And holding the line against Quinnen Williams, Isaiah Buggs, and the rest of Bama’s sack-happy front gets infinitely harder if they’re able to tee off on obvious passing downs against a rookie quarterback with (to put it kindly) only marginal escapability. Establishing at least some semblance of ground game will be crucial to keeping Lawrence in his comfort zone.

KEY MATCHUP: Clemson WR Justyn Ross vs. Alabama CB Patrick Surtain II

There’s never a shortage of productive targets on Swinney’s watch and this year’s rotation has lived up to Clemson’s reputation as “Wide Receiver U”: The starting trio of Tee Higgins, Amari Rodgers, and the ageless Hunter Renfrow combined for just shy of 2,000 yards on 196 evenly distributed catches. The most promising of the group, though, might be Ross, a 6-4, 210-pound specimen from Phenix City, Ala., who told both Bama and Auburn thanks but no thanks and quickly emerged this season as Lawrence’s favorite deep threat: Eight of Ross’ 40 receptions went for at least 40 yards, including both of his first-half touchdown grabs in a breakout performance in the Cotton Bowl.

Surtain had a much rougher go of it Saturday against Oklahoma’s CeeDee Lamb, who finished the night with 109 yards and a touchdown at the freshman’s expense — the first scoring play Surtain, another future first-rounder, has allowed in coverage this season in more than 800 snaps. The Sooners deliberately targeted Surtain during their futile second-half rally, which likely will not be sustainable over the course of an entire game.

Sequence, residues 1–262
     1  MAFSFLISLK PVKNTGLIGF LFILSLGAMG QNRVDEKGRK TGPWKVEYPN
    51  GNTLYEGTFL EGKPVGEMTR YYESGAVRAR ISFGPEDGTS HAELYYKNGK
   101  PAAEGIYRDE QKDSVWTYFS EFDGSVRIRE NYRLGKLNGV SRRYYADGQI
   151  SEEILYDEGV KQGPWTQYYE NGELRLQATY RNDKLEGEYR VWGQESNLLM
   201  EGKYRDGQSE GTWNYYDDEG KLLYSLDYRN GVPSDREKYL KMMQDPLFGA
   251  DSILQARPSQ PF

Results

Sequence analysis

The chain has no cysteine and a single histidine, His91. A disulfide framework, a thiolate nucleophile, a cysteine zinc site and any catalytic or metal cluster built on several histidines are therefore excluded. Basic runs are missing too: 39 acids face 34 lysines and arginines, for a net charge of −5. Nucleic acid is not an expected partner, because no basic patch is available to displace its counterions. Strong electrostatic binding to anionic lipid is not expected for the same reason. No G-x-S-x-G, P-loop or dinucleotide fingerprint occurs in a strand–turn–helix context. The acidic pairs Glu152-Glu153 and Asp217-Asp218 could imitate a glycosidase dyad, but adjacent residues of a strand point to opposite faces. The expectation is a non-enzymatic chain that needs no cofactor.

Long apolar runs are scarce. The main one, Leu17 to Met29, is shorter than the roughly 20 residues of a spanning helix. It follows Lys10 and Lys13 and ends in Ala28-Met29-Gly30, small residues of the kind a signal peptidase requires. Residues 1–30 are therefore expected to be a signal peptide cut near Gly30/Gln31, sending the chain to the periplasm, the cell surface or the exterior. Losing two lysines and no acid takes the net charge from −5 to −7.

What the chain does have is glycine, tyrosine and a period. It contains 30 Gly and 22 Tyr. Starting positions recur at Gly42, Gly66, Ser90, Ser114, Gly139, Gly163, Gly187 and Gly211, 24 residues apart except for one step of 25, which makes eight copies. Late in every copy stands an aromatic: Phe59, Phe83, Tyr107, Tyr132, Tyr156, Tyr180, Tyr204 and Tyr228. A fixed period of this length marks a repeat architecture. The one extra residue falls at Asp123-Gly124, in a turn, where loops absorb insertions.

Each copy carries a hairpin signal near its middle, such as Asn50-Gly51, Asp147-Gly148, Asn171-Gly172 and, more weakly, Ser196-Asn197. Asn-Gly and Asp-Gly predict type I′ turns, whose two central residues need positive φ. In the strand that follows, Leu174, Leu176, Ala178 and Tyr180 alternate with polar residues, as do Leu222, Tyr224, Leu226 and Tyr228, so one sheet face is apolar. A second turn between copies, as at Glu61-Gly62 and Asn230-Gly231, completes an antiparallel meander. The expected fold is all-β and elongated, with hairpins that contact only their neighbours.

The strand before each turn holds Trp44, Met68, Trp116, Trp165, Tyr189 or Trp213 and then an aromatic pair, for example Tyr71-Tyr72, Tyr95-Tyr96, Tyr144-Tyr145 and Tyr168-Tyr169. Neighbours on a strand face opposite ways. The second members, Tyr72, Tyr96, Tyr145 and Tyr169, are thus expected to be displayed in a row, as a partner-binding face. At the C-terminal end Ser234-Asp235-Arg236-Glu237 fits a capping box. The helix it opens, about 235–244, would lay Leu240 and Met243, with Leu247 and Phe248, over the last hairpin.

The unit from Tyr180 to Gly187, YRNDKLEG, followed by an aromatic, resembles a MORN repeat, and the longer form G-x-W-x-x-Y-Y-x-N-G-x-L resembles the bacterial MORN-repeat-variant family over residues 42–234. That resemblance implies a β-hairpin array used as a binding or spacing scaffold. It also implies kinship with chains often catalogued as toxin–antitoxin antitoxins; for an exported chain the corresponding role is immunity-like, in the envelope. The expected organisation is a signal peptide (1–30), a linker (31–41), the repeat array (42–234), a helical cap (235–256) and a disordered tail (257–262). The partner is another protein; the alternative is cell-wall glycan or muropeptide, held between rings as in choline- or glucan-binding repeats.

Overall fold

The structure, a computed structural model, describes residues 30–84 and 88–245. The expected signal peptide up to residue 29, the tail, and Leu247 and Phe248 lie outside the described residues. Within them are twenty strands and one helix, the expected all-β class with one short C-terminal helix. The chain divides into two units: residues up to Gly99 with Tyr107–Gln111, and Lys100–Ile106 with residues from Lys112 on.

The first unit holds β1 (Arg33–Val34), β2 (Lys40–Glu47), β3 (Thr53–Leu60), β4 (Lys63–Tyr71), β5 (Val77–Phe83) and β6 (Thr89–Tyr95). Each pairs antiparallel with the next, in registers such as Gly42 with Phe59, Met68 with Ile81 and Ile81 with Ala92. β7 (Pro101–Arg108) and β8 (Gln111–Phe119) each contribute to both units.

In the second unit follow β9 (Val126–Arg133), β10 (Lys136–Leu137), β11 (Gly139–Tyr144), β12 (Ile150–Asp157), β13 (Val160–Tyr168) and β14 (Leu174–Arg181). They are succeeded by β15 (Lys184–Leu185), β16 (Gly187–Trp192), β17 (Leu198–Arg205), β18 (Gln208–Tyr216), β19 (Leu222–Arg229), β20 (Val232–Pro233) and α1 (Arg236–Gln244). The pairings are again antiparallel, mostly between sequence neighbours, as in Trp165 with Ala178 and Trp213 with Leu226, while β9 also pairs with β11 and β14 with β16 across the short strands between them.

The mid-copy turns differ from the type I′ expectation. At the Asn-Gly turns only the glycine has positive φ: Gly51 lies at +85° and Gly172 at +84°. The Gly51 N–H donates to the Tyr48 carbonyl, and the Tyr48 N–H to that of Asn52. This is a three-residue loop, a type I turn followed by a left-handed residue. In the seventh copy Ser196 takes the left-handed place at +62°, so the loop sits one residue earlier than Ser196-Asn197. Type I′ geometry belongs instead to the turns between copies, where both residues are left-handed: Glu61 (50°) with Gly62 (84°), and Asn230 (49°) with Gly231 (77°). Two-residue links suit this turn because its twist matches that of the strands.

But Alabama as a whole has been unusually vulnerable to big plays this season, yielding 43 receptions of 20 yards or more (that tied for 73rd nationally) and coming in 82nd in IsoPPP, a metric designed to measure explosiveness. To avoid a repeat of last year Clemson will need as many of those types of plays as it can get, and Ross’ combination of size on the outside and speed down the seam makes him the most likely candidate to supply them.

When Alabama has the ball

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Bama is used to having the edge in the trenches against just about everyone it plays, on both sides of the line of scrimmage, as a matter of course. This game is the first in a good long while that the Tide offensive line will enter as the underdog: Even with its massive, All-American anchor in the middle, Dexter Lawrence, ruled out for the second consecutive week, Clemson’s starting front of Clelin Ferrell, Christian Wilkins, and Austin Bryant ranks among the most decorated and productive d-lines ever assembled on the same campus. That was already the case last year, before all three decided to come back to school after earning individual All-America notices as juniors; as seniors, they’ve lived up to the hype and then some.